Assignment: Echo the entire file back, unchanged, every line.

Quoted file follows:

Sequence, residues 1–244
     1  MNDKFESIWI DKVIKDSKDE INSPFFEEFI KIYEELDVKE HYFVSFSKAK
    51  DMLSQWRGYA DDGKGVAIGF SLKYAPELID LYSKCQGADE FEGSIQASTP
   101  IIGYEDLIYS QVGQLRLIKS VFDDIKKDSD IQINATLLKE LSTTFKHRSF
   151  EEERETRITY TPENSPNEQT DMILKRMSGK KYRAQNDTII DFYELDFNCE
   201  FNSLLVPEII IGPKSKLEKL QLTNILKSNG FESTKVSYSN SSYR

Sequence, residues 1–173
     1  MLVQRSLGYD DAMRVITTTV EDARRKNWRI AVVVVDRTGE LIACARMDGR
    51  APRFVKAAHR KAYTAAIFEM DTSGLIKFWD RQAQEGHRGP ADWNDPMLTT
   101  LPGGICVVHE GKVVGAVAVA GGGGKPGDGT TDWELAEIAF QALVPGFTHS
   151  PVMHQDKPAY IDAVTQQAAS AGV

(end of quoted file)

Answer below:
Sequence, residues 1–244
     1  MNDKFESIWI DKVIKDSKDE INSPFFEEFI KIYEELDVKE HYFVSFSKAK
    51  DMLSQWRGYA DDGKGVAIGF SLKYAPELID LYSKCQGADE FEGSIQASTP
   101  IIGYEDLIYS QVGQLRLIKS VFDDIKKDSD IQINATLLKE LSTTFKHRSF
   151  EEERETRITY TPENSPNEQT DMILKRMSGK KYRAQNDTII DFYELDFNCE
   201  FNSLLVPEII IGPKSKLEKL QLTNILKSNG FESTKVSYSN SSYR

Sequence, residues 1–173
     1  MLVQRSLGYD DAMRVITTTV EDARRKNWRI AVVVVDRTGE LIACARMDGR
    51  APRFVKAAHR KAYTAAIFEM DTSGLIKFWD RQAQEGHRGP ADWNDPMLTT
   101  LPGGICVVHE GKVVGAVAVA GGGGKPGDGT TDWELAEIAF QALVPGFTHS
   151  PVMHQDKPAY IDAVTQQAAS AGV